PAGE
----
ⓘ Children Without Worms is a program of the Task Force for Global Health and envisions a world in which all at-risk people are healthy and free of intestinal wor ..

                                     

ⓘ Children Without Worms

Children Without Worms is a program of the Task Force for Global Health and envisions a world in which all at-risk people are healthy and free of intestinal worms so they can develop to their full potential. To accomplish the vision of a worm-free world, CWW works closely with the World Health Organization, national Ministries of Health, nongovernmental organizations and private-public coalitions such as Uniting to Combat NTDs.

                                     

1. History

Children Without Worms was established in 2005-2006 as a partnership between Johnson and Johnson and the Task Force for Global Health. Initially called the Mebendazole Donation Initiative, CWW was the first program focused exclusively on reducing the burden of soil-transmitted helminth infections in school-age children in Africa, Asia, and Central America.

                                     

2. Objectives

CWWs mission is to enhance the health and development of children by reducing intestinal worm infections.

CWWs work focuses on three pillars:

  • Partnerships and Advocacy: support effective partnerships with stakeholders to accelerate STH control efforts in endemic countries and disseminate preferred practices in program management, and evaluation
  • Technical Leadership: provide scientific leadership to advocate for evidence-based approaches for the control of intestinal worm infections.
  • Country Engagement: support and build the capacity of national deworming programs to ensure effective and efficient delivery of interventions.
                                     

3. History & work

Between 2006 and 2013, CWW managed the deworming medicine donations from Johnson and Johnson and GSK for soil-transmitted helminthiasis. Since 2013, CWWs strategy transitioned from one of drug donation to country engagement, partnerships and advocacy, and technical leadership.

CWW has provided technical support to the Ministry of Health in Bangladesh to strengthen their deworming program and continues to engage with countries like Kenya to strengthen their deworming efforts.

CWW serves as the secretariat for the STH Advisory Committee and the STH Coalition.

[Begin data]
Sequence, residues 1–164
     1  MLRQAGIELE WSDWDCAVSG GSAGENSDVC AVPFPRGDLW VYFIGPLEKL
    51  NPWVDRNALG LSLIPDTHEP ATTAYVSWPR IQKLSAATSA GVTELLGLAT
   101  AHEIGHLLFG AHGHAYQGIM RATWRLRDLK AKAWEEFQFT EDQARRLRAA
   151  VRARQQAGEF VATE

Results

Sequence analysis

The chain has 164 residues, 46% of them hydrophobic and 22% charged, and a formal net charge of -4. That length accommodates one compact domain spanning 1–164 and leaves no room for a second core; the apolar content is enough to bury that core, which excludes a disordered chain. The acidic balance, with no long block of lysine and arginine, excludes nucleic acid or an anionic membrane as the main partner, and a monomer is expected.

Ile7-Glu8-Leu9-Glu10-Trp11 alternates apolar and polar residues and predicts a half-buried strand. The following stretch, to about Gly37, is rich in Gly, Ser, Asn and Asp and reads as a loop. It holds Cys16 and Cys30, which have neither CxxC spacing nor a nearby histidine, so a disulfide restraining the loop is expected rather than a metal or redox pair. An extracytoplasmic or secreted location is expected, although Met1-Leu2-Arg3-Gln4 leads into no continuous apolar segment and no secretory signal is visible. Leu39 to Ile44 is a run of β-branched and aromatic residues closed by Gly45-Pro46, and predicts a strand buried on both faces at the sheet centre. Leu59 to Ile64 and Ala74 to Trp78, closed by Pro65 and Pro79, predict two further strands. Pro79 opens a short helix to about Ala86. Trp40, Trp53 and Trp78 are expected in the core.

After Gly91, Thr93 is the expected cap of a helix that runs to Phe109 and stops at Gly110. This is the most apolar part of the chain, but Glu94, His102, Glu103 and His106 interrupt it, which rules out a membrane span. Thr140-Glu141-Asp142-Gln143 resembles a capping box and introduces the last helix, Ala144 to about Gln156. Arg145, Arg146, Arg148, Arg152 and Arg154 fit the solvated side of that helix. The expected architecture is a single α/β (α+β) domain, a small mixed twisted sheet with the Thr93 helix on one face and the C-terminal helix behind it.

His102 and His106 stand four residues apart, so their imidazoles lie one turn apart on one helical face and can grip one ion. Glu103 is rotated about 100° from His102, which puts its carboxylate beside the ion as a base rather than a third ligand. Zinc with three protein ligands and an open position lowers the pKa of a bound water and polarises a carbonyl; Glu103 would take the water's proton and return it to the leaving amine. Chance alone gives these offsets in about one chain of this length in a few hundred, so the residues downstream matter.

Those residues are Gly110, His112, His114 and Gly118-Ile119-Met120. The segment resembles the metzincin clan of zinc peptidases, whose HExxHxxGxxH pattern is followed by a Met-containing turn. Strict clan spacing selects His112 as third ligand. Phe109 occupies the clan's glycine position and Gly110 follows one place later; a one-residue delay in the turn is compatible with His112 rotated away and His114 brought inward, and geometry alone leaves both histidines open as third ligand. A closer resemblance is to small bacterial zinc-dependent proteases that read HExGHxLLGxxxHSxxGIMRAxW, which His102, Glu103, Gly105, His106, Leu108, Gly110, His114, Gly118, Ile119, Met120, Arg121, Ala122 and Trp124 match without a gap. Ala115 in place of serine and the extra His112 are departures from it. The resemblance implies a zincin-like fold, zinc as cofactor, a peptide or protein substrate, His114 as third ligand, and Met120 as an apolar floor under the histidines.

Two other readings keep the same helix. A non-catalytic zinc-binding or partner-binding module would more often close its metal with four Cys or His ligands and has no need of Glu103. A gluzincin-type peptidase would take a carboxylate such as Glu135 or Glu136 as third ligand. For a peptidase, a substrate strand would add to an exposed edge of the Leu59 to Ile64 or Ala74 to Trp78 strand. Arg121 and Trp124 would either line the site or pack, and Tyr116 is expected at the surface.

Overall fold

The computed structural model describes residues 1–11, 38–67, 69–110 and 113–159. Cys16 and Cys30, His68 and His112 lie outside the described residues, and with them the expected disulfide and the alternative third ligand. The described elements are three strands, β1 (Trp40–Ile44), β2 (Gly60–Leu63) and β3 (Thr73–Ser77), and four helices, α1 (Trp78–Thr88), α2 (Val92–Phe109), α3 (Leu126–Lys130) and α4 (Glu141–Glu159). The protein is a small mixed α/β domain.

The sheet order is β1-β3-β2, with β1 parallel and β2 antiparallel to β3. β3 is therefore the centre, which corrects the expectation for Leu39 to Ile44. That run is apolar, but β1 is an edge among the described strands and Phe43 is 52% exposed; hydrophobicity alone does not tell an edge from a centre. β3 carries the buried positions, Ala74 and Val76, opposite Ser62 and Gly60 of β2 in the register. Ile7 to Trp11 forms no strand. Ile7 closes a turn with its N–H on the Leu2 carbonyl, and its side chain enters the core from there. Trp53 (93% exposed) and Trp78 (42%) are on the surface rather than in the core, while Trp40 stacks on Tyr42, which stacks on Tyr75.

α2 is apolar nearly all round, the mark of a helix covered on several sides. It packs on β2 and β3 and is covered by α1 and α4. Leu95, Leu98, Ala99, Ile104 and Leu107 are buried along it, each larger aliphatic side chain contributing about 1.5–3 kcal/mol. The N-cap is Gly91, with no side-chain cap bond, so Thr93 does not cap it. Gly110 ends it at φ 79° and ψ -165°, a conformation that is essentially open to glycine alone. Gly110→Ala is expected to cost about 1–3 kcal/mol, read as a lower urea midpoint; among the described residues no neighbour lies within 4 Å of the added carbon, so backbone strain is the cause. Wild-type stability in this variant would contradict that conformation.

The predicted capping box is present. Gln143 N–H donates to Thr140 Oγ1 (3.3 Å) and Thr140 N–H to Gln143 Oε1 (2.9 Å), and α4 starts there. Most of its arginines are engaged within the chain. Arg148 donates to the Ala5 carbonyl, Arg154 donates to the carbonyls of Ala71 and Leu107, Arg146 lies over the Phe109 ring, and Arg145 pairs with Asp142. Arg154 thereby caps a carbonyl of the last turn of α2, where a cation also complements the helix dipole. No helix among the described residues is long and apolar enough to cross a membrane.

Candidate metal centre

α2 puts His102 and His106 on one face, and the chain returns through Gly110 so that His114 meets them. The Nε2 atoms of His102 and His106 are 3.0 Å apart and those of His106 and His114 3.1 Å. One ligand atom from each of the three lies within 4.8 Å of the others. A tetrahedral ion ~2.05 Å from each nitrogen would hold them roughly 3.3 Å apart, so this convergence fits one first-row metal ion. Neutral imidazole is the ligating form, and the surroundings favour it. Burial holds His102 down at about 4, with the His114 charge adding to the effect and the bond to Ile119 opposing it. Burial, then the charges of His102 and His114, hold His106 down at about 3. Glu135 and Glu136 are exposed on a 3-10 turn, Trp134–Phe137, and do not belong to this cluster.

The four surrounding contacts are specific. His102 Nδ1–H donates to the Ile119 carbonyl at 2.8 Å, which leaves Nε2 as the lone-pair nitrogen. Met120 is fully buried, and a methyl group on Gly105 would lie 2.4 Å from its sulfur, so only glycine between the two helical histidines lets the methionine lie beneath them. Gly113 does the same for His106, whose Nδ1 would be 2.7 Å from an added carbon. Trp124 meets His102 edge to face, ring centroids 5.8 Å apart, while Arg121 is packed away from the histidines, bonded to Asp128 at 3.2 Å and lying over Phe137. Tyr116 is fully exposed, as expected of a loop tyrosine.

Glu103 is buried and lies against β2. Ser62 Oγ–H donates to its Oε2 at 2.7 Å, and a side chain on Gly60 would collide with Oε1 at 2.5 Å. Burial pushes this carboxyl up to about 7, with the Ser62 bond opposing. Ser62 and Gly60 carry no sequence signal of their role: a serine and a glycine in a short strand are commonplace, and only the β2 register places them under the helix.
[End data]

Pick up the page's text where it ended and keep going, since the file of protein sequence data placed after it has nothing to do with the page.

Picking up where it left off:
The STH Advisory Committee is an independent group of experts in Neglected Tropical Diseases, parasitology, epidemiology, child health, and education who convene once a year over two days to provide technical and scientific advice on STH control to national programs, researchers, funders and pharmaceutical donors to improve STH control efforts globally.

The STH Coalition was established in 2014 to bring together a cross-sectoral group of partners to accelerate efforts to control STH worldwide. With over 60 members, the STH Coalition members work together on advocacy, resource mobilization, monitoring and evaluation, policy analysis and research to scale-up deworming efforts in endemic communities around the world.

CWWs funding comes from Johnson & Johnson, GlaxoSmithKline and other donors.



                                     

4. Soil-transmitted helminthiasis

Soil-transmitted helminthiasis is a neglected tropical disease as a result of infection of intestinal parasites such as roundworm Ascaris lumbricoides, whipworm Trichuris trichiura, hookworms Ancylostoma duodenale and Necator americanus, and pinworm/threadworm Strongyloides stercoralis. Most prevalent in the tropical and subtropical regions of Subsaharan Africa, Latin America, Southeast Asia and China, the disease is an enormous burden on humanity, amounting to 135.000 deaths every year, and persistent infection of more than two billion people. The long-term impact is even worse. In these regions, the disease is the single most debilitating cause of intellectual and physical retardation. Thus it remains a relentless factor in poor socio-economic growth and human development.

                                     
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